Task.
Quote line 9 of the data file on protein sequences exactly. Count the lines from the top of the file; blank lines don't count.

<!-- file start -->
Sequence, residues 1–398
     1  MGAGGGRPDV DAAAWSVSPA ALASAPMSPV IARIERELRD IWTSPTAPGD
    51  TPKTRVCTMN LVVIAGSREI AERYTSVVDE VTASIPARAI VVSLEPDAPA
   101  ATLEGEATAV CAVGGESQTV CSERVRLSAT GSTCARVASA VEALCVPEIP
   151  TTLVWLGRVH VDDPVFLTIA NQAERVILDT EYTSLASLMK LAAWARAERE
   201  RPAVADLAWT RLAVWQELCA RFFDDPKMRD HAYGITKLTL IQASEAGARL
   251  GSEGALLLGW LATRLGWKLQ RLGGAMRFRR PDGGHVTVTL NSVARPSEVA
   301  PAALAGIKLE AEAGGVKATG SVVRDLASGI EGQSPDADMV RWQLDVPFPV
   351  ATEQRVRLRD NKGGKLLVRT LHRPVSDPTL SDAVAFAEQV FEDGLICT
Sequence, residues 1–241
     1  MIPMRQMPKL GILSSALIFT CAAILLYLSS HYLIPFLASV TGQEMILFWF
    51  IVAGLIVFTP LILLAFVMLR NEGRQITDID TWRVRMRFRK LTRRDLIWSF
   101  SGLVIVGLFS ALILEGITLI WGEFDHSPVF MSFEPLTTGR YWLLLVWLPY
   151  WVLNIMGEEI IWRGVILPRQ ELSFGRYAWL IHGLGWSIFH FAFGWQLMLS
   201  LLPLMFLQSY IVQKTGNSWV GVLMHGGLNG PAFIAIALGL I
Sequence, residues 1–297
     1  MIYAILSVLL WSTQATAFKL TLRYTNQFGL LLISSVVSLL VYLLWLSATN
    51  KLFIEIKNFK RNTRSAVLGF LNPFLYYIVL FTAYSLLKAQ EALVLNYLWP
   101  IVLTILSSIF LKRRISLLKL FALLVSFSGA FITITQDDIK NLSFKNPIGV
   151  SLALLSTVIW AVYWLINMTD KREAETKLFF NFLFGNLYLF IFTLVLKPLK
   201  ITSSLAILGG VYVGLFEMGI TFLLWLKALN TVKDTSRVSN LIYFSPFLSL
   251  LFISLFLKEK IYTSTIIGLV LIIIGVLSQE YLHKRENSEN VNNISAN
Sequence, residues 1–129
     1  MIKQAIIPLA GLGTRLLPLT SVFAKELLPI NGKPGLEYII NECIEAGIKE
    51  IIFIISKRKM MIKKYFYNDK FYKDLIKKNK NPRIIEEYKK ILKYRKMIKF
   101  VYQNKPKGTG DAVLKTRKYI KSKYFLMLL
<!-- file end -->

   351  ATEQRVRLRD NKGGKLLVRT LHRPVSDPTL SDAVAFAEQV FEDGLICT